By User:Milantex (File:DVD-4.5-scan.png)
[Public domain], via Wikimedia Commons
Yesterday someone asked a very interesting question about music copyright on BalletcoForum. I shall not address the specific question but I shall say a few words about music copyright generally.
What is Copyright?
In the United Kingdom, copyright is defined by s.1 (1) of the Copyright, Designs and Patents Act 1988 as
"a property right which subsists in accordance with this Part in the following descriptions of work--Although this Act applies only to the United Kingdom, the definition will be very similar in most other countries as most of the world has agreed to bring their copyright laws into line with certain international agreements.
(a) original literary, dramatic, musical or artistic works,
(b) sound recordings, films or broadcasts, and
(c) the typographical arrangement of published editions."
What is a Copyright Work?
The above definition says that copyright can subsist in musical works and sound recordings. A musical work is essentially a score. A sound recording is a recording of a performance of a score. Thus there at least two separate copyrights in every DVD or other sound recording. One copyright will subsist in the work of the composer who wrote out the notes. The other will lie in the work of the recording studio which captured the playing of the work and reproduced it on DVDs or other media. If the music is a song then a separate literary copyright will subsist in the words of the song. If there is more than one tune on the DVD there will be a separate copyright for each tune. On a typical DVD, there will be lots of different types of copyright works.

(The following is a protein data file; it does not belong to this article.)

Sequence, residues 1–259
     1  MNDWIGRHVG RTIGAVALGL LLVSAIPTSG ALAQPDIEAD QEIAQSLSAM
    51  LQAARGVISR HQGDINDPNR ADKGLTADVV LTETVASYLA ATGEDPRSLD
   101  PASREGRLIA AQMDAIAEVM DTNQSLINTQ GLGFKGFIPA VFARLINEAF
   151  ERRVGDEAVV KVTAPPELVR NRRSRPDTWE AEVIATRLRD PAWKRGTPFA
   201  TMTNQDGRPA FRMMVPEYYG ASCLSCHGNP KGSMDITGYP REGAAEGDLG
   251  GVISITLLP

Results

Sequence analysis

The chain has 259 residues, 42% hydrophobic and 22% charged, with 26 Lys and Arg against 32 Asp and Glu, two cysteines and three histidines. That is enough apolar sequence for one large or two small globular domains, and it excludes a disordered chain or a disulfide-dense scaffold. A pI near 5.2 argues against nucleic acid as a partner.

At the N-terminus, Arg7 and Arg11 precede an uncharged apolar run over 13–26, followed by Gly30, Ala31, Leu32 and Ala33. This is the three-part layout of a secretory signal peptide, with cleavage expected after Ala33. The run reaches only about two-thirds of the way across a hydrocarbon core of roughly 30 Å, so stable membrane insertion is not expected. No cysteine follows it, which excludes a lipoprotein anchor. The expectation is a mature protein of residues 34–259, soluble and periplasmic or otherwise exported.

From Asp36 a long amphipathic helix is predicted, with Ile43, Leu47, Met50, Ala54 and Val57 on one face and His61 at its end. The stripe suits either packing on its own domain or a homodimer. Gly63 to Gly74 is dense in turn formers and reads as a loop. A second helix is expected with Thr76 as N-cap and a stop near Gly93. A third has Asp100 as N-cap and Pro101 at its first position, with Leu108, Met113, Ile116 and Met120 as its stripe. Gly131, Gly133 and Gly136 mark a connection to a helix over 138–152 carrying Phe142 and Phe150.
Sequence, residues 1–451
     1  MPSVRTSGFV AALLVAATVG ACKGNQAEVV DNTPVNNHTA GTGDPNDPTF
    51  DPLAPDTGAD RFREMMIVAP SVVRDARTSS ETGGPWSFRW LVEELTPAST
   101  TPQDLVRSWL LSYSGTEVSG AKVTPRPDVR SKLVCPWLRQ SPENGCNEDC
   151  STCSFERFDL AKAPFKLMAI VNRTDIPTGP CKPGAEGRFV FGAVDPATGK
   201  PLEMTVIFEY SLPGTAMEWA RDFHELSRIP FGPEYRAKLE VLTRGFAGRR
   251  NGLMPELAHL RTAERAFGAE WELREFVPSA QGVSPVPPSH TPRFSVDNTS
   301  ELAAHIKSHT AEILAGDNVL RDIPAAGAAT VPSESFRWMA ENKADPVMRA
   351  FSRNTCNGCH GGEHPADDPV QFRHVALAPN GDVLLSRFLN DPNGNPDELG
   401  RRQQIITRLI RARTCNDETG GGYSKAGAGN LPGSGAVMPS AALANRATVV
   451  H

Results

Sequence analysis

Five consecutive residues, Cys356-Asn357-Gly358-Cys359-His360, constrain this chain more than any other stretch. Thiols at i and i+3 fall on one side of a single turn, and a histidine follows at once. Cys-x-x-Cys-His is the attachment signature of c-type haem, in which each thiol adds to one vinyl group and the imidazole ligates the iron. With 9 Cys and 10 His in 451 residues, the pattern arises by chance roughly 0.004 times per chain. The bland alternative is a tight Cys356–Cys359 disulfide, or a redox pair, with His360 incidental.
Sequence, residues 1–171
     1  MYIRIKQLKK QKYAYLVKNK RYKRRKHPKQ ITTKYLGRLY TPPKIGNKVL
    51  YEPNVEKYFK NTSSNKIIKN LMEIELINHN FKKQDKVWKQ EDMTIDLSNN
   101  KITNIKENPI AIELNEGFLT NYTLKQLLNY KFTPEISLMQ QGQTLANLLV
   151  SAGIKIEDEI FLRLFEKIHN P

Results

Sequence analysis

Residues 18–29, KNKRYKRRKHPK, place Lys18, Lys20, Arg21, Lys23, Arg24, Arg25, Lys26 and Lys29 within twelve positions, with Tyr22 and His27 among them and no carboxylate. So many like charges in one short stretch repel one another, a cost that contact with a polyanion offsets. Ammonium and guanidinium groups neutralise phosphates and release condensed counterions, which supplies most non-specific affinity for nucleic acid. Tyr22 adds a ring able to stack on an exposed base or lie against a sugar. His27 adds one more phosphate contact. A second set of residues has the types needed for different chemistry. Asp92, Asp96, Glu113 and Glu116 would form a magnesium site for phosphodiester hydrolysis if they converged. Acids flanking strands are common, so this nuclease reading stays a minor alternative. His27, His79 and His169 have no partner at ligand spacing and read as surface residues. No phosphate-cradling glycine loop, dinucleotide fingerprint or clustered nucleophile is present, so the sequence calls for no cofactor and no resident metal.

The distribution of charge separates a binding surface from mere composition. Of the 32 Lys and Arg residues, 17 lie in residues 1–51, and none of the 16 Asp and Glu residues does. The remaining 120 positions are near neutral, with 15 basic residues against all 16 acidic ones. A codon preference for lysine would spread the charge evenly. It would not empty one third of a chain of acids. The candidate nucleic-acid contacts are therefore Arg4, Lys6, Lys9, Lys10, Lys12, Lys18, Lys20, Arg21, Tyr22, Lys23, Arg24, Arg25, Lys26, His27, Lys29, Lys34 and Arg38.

What does Copyrught do?
Copyright confers on the copyright owner the exclusive right to do various acts in respect of a copyright work. These include copying the work and performing and playing the work in public. Unless you are the copyright owner (which is usually the person who created the work or his or her employer) you need the copyright owner's permission to do any of those things. If for instance, you want to play a DVD in public, you will need permission from the owner of the copyright in the score - that is to say the composer or music publisher - and the owner of the copyright in the sound recording.
Where do you get Permission?
Most copyright owners belong to collecting societies which grant permission to play, perform or make available copyright music on behalf of their members and members of collecting societies overseas in return for a fee. For instance, The Performing Rights Society represents songwriters, composers and music publishers and has formed an alliance with the Mechanical Copyright Protection Society. You can find out whether you need a licence and, if so, how much you will have to pay, from the Music Users section of the PRS website.
What if you don't get Permission?
Unless you fall within one of a number of exceptions you will infringe the copyright in the work which will entitle the collecting society to sue you for an injunction (an order by a judge to do or not to do a specified act), damages (compensation for your wrongdoing) or an account and surrender of the profits you made from your wrongdoing and an order that you contribute to the other side's legal fees and other expenses in bringing you to court. Some copyright infringements are also offences which are punishable by long terms of imprisonment and unlimited fines.
Are there any Exceptions?
There is actually one for dance schools and a more limited one for teachers outside dance schools who provide teaching for recognized exams.
Copyright law is complex and if you are in any doubt you should seek specialist professional advice.